I'd like to highlight a different approach to Unitarianism on another blog (I've only seen thanks to comment here) - a chap who gravitates, in the end, to neither the GA nor UMI. There is a comment over there from a UMI person who is also within the GA approach.
Just a mention about what I call Central European Unitarianism, that of ethnic Hungarians in Transylvania. This is different from the Anglo-American evolving Unitarianism - Unitarianism being not of a theology, but a collection of liberal-democratic chapels that change over time. The more fixed, theological, Central European version consists of almost all born Unitarians, many in rural villages, of about five per cent of these ethnic Hungarians or 60,000 people.
Under the Communists, and towards the end, these villages faced devastation and new housing on some lunatic socialistic model of living. Fortunately all that went, but now capitalism is raging and causing depopulation. As a result some 10,000 Unitarians have migrated away and been lost to the movement by dispersion.
But then there is a further change. The village children are getting confirmed into the faith, so that they can particpate in the four times a year Communion of the Lord's Supper, and yet the membership certificate is turning into a leaving ticket. This is a phenomenon well known in Western Europe, and I showed it in my own research about a Methodist church and an evangelical Anglican church.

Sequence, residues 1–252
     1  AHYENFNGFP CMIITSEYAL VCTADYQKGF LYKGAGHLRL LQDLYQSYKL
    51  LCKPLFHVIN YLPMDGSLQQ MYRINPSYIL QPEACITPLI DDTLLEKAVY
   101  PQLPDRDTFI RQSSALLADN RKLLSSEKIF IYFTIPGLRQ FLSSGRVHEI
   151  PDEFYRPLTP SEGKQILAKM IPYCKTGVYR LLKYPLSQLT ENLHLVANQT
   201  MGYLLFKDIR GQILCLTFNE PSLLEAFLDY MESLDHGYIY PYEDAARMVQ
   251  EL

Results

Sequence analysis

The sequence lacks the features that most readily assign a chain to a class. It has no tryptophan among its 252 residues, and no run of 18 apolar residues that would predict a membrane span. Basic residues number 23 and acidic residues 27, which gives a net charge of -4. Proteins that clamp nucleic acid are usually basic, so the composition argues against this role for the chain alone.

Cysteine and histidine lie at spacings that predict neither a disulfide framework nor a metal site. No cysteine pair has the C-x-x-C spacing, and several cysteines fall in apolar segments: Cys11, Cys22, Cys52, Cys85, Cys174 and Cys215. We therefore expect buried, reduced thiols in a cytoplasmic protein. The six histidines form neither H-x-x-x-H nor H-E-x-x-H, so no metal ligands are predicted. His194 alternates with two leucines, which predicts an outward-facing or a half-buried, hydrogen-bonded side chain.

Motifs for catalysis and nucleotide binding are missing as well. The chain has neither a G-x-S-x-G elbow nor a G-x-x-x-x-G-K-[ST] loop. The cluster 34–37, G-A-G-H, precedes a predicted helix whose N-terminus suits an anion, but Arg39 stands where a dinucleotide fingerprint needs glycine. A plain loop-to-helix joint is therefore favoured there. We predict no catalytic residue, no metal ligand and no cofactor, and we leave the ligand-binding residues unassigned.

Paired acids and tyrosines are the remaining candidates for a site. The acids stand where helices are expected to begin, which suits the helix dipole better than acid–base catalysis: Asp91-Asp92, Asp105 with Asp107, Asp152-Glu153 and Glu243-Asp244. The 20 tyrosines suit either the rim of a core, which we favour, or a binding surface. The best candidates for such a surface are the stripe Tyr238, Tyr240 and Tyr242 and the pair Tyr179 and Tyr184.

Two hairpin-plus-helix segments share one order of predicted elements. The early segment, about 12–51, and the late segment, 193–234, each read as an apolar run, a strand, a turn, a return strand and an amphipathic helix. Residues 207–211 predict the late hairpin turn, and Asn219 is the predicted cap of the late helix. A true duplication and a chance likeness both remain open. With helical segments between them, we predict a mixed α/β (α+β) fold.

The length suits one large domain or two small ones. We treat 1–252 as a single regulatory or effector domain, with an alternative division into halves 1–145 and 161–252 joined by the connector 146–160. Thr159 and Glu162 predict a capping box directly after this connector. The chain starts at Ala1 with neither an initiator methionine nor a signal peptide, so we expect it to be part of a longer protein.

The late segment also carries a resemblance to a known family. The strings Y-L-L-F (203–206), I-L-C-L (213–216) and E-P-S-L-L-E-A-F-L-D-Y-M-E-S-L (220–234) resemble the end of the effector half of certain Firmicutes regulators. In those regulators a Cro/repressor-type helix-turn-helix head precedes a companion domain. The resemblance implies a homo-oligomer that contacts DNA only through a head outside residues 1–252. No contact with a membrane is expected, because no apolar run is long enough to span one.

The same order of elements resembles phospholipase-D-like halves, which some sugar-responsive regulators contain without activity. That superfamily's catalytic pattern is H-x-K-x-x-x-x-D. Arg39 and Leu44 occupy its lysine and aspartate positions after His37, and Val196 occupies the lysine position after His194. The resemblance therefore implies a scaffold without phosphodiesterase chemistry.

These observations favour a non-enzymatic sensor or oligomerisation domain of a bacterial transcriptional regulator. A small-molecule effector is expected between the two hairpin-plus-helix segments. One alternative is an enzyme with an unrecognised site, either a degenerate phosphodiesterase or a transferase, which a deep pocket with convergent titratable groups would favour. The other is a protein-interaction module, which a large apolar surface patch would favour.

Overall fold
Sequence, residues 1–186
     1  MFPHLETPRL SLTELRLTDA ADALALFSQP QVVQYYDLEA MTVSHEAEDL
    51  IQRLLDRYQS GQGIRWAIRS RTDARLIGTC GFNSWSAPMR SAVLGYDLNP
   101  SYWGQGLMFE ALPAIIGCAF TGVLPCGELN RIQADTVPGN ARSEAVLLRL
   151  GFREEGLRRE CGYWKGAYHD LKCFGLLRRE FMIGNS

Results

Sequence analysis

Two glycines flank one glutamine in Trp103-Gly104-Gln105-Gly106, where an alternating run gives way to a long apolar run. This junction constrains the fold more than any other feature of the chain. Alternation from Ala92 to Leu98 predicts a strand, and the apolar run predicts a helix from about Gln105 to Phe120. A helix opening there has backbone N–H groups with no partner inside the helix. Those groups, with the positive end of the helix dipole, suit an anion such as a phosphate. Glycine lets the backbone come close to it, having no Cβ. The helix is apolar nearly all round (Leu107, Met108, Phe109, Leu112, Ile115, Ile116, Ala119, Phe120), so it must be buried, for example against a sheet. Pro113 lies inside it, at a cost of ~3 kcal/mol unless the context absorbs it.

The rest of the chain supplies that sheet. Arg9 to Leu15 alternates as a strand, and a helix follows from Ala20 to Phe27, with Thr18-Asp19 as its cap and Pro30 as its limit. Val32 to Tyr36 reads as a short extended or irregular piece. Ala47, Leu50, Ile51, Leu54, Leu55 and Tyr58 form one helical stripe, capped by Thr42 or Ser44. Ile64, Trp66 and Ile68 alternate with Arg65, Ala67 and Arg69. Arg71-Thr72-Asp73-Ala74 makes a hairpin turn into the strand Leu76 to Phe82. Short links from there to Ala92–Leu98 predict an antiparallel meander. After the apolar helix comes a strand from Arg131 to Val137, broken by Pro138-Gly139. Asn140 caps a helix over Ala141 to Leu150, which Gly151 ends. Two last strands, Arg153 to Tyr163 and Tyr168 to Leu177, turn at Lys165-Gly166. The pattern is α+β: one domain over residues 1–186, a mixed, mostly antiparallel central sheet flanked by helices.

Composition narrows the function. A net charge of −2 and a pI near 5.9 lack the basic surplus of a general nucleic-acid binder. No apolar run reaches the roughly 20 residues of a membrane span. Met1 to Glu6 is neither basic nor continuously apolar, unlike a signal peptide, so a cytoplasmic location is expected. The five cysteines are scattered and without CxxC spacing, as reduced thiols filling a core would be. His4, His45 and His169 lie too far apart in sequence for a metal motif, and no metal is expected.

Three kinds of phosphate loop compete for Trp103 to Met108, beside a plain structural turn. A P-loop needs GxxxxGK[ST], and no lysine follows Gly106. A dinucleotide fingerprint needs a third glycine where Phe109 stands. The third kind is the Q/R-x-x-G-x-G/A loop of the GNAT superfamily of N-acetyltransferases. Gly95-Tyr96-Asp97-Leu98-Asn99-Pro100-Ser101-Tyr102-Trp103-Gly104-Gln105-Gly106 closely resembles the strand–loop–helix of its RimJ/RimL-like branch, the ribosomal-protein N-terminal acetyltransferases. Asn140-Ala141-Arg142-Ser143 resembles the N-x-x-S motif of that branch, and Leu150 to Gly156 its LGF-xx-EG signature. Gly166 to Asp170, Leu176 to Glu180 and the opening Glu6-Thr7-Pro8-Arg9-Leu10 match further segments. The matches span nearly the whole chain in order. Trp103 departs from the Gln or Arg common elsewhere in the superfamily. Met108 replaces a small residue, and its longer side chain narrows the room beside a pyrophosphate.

The young people find the bald and simple approach to religion within these chapels as uninteresting and are going elsewhere for their entertainment. They move off and stay off, perhaps to return for rites of passage. One wonders whether the Sunday School movement will undergo the same collapse as in much of Western Europe, thus removing Christianity as a common memory.
The Transylvanian Unitarians have about one minister per two churches, but a means to tackle the challenge is more ministers and urban variety in religion. It has a bishop and deputy bishop, really Superintendent ministers and not observing apostolic succession.
Originally the catechism was an ice cube to freeze a faith for its preservation against attack. It was unable to evolve further. It's leader, who did change, Francis David, had died in gaol. Polish Socinianism was ethnically cleansed and Unitarianism out west in Austria-Hungary was closed down. But of course now the frozen can evolve again, and some of the more progressive and creative ministers realise that there is a need for more lights, art and action in the new expression of this approach to religion because otherwise the environmental culture will have moved on.
Thanks for much of this to Jim Corrigall and The Inquirer on 9 July.
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